"You can get quite a lot of calories by plopping 2 or 3 pats of butter on a piece of bread," he said. "Or you can aim toward fruits and vegetables and healthy fats ... and some milk. It sounds like they're barking up the same tree I am with my patients."
Schools roll out their menus
Last Monday, aromas of fresh basil, basmati rice and baked mushrooms filled the Hopkins High School kitchen, as workers made lunch for 1,000 teachers and administrators. Cook Paul Kapala topped trays of grilled chicken with brilliantly red roasted peppers, feta and basil, and extended services manager Anne Ferreira consulted a well-thumbed cookbook, "Mediterranean Food of the Sun," which inspired several dishes on the menu.
Students in the district of 7,200 won't see much change in their lunchrooms on Tuesday, said Barb Mechura, the district's director of Student Nutrition Services. For the past several years, Hopkins has been committed to "scratch cooking." Nutrition directors find great dishes and hand them to professional chefs like Kapala, who adapt the recipes to feed thousands of students. The chopping, mixing and cooking are done daily in nine school kitchens, often with local ingredients.
Hopkins' experience shows that students are more likely to buy in if they are involved in the process, Mechura said. She recalled the day she introduced chili, which can be loaded up with veggies.
"We had to beg kids to take a bite of it, and there were lots of inappropriate comments," she said. "But just last winter, I was in the same serving line area and there were kids coming in, and they were jumping up and down and saying, 'Oh, yay! It's chili today!'"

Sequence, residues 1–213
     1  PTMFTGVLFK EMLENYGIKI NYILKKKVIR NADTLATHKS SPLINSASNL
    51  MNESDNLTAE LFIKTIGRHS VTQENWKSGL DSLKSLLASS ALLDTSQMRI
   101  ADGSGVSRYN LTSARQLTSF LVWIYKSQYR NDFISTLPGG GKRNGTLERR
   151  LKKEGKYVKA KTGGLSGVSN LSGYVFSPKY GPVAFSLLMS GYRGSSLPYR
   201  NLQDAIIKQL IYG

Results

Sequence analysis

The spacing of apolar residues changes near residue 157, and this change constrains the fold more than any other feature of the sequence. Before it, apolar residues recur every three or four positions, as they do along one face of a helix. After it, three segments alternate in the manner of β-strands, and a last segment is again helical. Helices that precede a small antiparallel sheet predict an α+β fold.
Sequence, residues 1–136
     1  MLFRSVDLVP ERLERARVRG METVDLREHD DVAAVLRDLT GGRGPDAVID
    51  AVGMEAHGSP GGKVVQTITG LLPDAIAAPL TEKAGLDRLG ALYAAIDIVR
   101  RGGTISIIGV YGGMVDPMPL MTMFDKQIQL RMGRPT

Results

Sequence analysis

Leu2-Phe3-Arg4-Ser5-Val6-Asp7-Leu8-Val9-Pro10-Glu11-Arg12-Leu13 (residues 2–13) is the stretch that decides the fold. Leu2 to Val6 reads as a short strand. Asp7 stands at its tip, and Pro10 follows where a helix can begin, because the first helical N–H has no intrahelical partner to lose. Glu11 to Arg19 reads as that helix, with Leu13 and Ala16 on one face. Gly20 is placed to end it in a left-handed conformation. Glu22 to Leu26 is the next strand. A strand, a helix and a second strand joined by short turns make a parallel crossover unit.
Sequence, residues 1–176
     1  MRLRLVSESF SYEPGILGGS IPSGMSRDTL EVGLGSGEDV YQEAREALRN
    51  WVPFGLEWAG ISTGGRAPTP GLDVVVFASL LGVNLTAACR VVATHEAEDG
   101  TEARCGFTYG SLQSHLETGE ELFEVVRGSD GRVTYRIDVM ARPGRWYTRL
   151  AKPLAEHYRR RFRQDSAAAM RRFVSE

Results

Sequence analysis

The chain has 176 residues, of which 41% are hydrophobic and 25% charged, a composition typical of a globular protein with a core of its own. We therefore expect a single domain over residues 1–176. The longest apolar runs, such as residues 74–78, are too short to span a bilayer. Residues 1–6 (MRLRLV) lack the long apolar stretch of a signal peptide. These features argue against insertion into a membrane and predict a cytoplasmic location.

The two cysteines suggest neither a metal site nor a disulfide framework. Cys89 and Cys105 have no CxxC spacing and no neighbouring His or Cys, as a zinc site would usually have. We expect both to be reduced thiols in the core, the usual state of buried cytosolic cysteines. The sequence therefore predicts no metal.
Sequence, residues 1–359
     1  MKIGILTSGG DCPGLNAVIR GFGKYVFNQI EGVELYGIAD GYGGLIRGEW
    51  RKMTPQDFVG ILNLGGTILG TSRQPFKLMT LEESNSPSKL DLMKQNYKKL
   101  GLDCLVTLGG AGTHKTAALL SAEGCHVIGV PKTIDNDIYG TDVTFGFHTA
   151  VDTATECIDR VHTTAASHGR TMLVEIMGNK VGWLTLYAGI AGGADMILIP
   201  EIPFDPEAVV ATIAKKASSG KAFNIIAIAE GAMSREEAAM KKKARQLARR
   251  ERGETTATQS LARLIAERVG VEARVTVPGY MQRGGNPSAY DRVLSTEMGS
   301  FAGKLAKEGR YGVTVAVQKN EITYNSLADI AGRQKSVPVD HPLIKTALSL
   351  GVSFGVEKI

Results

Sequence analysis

Changes will be more noticeable elsewhere.
For decades, all of the Minneapolis school District's cooking has taken place at the Nutrition Center in north Minneapolis. Hot and cold items are precooked and prepackaged.
"The biggest issue is that when you package everything in a TV dinner, that's what you get," said Bertrand Weber, who took over as Minneapolis' director of culinary and nutrition services in January.
Starting this year, Weber's staff is installing fresh fruit and vegetable bars in every cafeteria. Two elementary schools that still have their own kitchens now will reheat bulk foods separately and serve portions on trays. Cooks are preparing meals from scratch in all the high schools. The changes have resulted in 31 new positions; some are new hires, and others have shifted from packaging jobs to cooking.
Weber says the changes are long overdue. "The biggest resistance I've always had were adults saying, 'Kids won't eat that,'" he said. "Kids will eat the food if it's presented well, if it tastes good and if we keep reinforcing and keep doing it over and over again."
But will it work?